Cascades Tissue Group exploring firmer West Coast presence

by: SPOTLIGHT FILE PHOTO - SPOTLIGHT FILE PHOTO After Boise Inc. announced its closure last year, Cascades Tissue Group wasn't sure if it could remain at its St. Helens location. Now the company is discussing a possible expansion.  Cascades Tissue Group continues to look at a possible expansion at the site it once shared with Boise Inc. in St. Helens.

A consultant representing the Canadian tissues company recently met with city officials and economic development groups to inform them Cascades was examining St. Helens, as well as other sites in the Pacific Northwest, for a place to establish the company more fully on the West Coast.

Marc Beauchamp of CAI Global, a consultant for Cascades, confirmed the visit but said he could not discuss details. He said his client is examining strategic options on the West Coast and “many other sites are being considered.”

St. Helens City Administrator John Walsh said the visit was encouraging and that he was led to believe St. Helens was near the top of the company’s list.

“We have an available workforce,” he said, adding that “an expansion of that kind makes sense.”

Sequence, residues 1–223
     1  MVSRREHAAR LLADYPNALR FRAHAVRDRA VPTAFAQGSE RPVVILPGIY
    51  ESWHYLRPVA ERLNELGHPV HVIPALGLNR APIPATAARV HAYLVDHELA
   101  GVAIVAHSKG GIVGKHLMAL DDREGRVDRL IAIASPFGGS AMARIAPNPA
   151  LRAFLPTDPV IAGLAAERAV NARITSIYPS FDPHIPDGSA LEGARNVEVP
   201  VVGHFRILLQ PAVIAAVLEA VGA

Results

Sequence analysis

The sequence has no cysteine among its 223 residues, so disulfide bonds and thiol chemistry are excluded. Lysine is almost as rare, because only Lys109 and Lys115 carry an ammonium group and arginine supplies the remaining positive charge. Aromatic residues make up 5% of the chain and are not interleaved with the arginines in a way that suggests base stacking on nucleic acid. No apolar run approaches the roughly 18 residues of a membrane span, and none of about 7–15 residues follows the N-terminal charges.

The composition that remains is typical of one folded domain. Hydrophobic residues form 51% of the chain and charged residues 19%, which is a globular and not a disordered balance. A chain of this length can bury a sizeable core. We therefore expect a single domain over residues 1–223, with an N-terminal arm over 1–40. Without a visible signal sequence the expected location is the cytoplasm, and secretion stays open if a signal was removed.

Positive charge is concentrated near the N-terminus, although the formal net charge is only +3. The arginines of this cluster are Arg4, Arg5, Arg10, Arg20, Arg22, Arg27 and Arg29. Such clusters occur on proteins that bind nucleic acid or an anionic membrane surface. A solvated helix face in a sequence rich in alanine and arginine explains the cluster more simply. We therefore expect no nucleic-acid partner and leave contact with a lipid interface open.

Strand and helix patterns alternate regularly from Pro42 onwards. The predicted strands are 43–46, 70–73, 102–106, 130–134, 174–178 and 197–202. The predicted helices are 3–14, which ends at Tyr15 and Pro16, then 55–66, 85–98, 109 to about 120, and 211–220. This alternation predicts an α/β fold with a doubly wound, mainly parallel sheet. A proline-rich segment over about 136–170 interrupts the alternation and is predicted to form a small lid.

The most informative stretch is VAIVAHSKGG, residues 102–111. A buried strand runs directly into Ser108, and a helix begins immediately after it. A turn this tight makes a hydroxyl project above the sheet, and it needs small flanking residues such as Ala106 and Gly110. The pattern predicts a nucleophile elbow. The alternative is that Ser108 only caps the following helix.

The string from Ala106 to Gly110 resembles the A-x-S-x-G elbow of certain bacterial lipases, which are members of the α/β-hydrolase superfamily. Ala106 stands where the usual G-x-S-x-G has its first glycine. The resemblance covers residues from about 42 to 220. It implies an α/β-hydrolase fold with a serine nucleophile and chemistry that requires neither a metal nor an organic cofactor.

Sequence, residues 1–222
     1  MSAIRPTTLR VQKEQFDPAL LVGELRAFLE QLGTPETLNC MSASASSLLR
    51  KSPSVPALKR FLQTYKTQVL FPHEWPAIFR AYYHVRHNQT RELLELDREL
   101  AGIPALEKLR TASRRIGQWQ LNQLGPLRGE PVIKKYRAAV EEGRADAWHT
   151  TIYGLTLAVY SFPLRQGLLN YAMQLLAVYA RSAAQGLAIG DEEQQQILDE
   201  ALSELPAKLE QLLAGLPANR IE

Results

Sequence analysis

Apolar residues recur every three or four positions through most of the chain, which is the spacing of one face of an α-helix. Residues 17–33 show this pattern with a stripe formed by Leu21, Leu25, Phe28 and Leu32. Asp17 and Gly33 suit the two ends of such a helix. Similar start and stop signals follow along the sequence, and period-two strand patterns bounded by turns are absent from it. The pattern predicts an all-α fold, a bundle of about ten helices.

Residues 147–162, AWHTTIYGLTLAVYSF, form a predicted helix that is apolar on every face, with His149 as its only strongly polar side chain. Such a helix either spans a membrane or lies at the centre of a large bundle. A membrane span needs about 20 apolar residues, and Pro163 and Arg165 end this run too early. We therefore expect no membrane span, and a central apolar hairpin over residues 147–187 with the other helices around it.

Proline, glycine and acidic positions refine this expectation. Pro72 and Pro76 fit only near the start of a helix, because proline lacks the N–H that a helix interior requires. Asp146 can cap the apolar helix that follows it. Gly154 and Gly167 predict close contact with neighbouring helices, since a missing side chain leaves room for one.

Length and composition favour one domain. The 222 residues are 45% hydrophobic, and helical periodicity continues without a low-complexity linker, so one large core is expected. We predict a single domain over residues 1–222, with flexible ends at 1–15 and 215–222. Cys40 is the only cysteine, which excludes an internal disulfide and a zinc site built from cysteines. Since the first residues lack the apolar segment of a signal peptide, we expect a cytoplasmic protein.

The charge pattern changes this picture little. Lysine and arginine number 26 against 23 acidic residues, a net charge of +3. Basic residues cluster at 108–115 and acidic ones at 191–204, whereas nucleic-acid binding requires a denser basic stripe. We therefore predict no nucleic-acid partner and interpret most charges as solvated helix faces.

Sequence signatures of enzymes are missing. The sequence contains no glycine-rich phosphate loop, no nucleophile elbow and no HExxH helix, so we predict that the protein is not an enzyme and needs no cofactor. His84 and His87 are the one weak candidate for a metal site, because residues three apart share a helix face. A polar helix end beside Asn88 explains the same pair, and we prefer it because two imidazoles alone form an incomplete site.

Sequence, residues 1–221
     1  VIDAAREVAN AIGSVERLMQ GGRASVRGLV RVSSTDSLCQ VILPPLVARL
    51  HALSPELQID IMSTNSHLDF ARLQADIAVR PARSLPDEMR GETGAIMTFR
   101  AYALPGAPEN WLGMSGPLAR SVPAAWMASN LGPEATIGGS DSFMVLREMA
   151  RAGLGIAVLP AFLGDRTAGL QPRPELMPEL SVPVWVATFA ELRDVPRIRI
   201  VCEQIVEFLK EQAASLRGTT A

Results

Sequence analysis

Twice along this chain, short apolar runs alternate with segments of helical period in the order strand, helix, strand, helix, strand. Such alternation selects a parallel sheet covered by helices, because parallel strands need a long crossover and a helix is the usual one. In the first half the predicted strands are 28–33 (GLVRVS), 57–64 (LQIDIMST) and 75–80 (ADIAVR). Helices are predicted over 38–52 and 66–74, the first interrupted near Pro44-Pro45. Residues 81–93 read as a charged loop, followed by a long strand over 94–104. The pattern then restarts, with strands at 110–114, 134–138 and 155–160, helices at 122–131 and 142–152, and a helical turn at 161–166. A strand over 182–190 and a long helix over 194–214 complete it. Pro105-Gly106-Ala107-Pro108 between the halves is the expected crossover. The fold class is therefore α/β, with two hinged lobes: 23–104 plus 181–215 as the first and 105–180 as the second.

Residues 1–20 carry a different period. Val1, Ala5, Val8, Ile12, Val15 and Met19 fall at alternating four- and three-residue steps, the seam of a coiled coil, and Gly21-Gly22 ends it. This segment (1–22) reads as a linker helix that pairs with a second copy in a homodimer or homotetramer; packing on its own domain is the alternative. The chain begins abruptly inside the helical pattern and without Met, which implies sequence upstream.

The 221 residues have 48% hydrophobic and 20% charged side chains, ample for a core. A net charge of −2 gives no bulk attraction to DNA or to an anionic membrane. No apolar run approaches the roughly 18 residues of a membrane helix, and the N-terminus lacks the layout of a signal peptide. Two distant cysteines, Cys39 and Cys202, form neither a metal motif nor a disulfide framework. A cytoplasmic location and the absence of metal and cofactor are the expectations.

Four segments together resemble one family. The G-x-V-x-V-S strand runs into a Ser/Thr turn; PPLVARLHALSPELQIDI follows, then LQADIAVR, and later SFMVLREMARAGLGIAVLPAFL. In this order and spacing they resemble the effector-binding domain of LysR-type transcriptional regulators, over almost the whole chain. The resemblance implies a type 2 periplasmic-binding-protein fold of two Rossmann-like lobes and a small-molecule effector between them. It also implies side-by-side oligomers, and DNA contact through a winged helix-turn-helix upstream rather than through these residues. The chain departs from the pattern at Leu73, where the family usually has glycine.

“These things tend to start and stop, start and stop,” said Brian Little, interim director with the Columbia County Economic Development Team. He was present at the meeting and said Beauchamp discussed an expansion that would increase the number of machines at the mill from one to two and require the hiring of approximately 60 more workers.

Boise’s announcement last year that it would be shutting down its only remaining paper machine by Dec. 31 and laying off 106 employees was discouraging news for Columbia County residents. In light of the closure, Cascades Tissue Group was not sure if it could remain open on its own, but then announced in December it would continue its operations and retain its 38 employees, as well as hire additional workers to take on tasks previously contracted out to Boise Inc.

Cascades has discussed converting Boise’s machine to handle tissues production, said Eric Prochnow, mill manager at the Cascades Tissue Group. However, such a conversion could cost more than $20 million and take close to a year to complete.

“We don’t have an answer on that yet,” he said. “I don’t expect one for a couple of months. ... There’s not a lot to report right now.”

At one point, the company had considered other options, including moving the mill’s one operating machine and the jobs attached to it to a mill in Wisconsin. Company executives decided, however, to keep the mill’s current Number 3 machine in St. Helens after examining revenue projections.

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